still as they explained did perform as well. Gesture and speech are integrally linked, according to Susan
Goldin-Meadow, an author of the study. Goldin-Meadow noted that gestures make thinking easier
because they enlist spatial and other nonverbal areas of the brain. 2. A growing body of evidence
suggests that teaching babies ASL may improve their ability to speak. Again, this indicates a link
between manual signing and vocal speech. Babies express cognitive abilities through certain hand
gestures (e.g., by pointing with the index finger) earlier than they do through articulated words (the latter
require more refined oral motor skills, which very young babies do not yet possess).

Law. According to the Federal Rules of Evidence (Article VIII. Hearsay), "A 'statement' is (1) an oral or
written assertion or (2) nonverbal conduct of a person, if it is intended by the person as an assertion"
(Rule 801. Definitions).

Media. 1. According to the CBS Evening News show (October 17, 1995), the earliest known recording of
a human voice was made on a wax cylinder in 1888 by Thomas Edison. The voice says, "I'll take you
around the world." 2. The world's second most-recorded human voice is that of singer Frank Sinatra; the
most recorded is that of crooner Bing Crosby (Schwartz 1995).

Sex differences I. "During phonological tasks [i.e., the processing of afferent (incoming), rhyming, vocal
sounds], brain activation in males is lateralized to the left inferior frontal gyrus regions; in females the
pattern of activation is very different, engaging more diffuse neural systems that involve both the left and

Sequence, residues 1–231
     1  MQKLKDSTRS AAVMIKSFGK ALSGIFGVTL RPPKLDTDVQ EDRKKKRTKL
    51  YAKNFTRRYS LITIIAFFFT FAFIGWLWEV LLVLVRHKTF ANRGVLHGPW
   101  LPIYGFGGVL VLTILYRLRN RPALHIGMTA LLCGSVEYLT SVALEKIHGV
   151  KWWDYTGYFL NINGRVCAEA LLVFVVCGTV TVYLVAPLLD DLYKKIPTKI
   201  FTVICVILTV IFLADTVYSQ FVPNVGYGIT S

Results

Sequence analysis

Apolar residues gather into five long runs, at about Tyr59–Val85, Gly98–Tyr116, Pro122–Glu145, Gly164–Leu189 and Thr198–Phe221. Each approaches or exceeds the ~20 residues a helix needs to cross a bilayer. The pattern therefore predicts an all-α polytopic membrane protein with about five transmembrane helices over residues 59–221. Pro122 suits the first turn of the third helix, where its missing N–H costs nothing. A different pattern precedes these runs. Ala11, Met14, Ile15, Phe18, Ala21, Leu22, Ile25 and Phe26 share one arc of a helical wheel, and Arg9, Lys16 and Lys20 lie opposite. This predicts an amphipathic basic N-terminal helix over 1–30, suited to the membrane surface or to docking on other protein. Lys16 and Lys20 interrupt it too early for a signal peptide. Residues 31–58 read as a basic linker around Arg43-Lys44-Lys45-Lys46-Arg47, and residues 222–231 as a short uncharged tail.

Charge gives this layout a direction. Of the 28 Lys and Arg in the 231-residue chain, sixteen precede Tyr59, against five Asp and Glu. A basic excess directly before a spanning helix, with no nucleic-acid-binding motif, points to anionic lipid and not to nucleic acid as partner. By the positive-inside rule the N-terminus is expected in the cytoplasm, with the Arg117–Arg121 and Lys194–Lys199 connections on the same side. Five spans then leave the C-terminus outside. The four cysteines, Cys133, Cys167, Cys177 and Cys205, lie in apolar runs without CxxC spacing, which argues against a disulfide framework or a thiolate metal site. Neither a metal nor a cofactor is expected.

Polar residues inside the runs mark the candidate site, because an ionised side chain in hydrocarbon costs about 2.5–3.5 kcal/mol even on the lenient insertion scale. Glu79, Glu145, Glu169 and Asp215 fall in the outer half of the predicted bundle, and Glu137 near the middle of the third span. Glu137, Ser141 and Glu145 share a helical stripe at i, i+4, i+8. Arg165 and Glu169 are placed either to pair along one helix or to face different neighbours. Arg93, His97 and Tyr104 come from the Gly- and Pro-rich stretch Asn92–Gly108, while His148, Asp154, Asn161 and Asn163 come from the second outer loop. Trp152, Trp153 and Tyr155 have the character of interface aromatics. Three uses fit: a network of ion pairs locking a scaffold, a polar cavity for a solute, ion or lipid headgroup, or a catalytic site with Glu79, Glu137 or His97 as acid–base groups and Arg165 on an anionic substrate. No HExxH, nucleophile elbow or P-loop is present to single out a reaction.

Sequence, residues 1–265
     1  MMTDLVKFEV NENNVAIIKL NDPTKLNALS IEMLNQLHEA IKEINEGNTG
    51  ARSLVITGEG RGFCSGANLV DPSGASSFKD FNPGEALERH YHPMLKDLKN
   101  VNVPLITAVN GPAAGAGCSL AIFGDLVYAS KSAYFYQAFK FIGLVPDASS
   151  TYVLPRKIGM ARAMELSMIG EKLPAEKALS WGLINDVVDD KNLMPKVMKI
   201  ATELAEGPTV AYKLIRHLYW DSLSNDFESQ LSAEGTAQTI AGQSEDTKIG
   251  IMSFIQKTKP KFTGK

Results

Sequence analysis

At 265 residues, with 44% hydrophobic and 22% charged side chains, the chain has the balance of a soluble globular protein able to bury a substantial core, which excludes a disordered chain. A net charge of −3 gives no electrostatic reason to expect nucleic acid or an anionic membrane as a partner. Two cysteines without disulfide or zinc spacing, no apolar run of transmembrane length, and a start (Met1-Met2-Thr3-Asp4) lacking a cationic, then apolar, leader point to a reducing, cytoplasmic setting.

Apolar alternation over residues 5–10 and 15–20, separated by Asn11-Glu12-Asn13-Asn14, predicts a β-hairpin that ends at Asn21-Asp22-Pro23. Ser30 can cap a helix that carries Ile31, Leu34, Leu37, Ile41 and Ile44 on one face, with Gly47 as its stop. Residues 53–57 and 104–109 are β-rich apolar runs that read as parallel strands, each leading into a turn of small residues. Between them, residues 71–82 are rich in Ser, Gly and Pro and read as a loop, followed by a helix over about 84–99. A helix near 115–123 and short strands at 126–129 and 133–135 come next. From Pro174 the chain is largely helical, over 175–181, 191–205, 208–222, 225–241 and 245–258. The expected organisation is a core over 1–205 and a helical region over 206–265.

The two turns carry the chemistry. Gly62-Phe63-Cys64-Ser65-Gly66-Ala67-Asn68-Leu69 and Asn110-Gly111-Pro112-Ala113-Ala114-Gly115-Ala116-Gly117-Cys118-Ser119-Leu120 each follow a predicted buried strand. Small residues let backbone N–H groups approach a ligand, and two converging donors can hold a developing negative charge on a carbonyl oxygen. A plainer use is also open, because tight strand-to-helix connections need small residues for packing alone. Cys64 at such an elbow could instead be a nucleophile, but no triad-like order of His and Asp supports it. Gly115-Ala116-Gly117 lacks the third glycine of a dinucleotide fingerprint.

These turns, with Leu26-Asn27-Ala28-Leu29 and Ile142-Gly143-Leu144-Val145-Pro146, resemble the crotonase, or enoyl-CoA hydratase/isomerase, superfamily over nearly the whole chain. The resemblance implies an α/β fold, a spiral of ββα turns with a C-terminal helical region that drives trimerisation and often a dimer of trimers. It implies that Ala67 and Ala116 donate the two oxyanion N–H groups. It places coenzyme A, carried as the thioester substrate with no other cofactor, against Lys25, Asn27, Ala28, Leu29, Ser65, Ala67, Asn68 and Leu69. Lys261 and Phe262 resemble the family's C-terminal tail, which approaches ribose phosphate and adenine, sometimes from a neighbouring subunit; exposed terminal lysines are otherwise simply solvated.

right inferior frontal gyrus (Shaywitz et al. 1995:607).

Sex differences II: Recent finding. "Study: Women Listen More than Men [Associated Press, Copyright
2000]." Nov. 28, 2000 — Score one for exasperated women: New research suggests men really do listen
with just half their brains. "In a study of 20 men and 20 women, brain scans showed that men when
listening mostly used the left sides of their brains, the region long associated with understanding
language. Women in the study, however, used both sides. Other studies have suggested that women "can
handle listening to two conversations at once," said Dr. Joseph T. Lurito, an assistant radiology professor
at Indiana University School of Medicine. "One of the reasons may be that they have more brain devoted
to it." Lurito's findings, presented Tuesday at the Radiological Society of North America's annual
meeting, don't necessarily mean women are better listeners. It could be that "it's harder for them," Lurito
suggested, since they apparently need to use more of their brains than men to do the same task. "I don't
want a battle of the sexes," he said. "I just want people to realize that men and women" may process
language differently. In the study, functional magnetic resonance imaging — or fMRI — was used to


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measure brain activity by producing multidimensional images of blood flow to various parts of the brain.
Inside an MRI scanner, study participants wore headphones and listened to taped excerpts from John
Grisham's novel "The Partner," while researchers watched blood-flow images of their brains, displayed
on a nearby video screen. Listening resulted in increased blood flow in the left temporal lobes of the
men's brains. In women, both temporal lobes showed activity" (Source: Discovery.com News, December
12, 2000).

Vocal recognition. In his EMOVOX project ("Voice variability related to speaker-emotional state in
Automatic Speaker Verification"), Prof. Klaus Scherer (Department of Psychology, University of
Geneva) and his colleagues are researching the effects of emotion on speech to improve the effectiveness
of automatic speaker verification (as used, e.g., in security systems).

RESEARCH REPORTS: 1. "The general model encompassing both spoken and signed languages to be
presented here assumes that the key lies in describing both with a single vocabulary, the vocabulary of
neuromuscular activity--i.e. gesture" (Armstrong, Stokoe, and Wilcox 1995:6). 2. "With all due respect to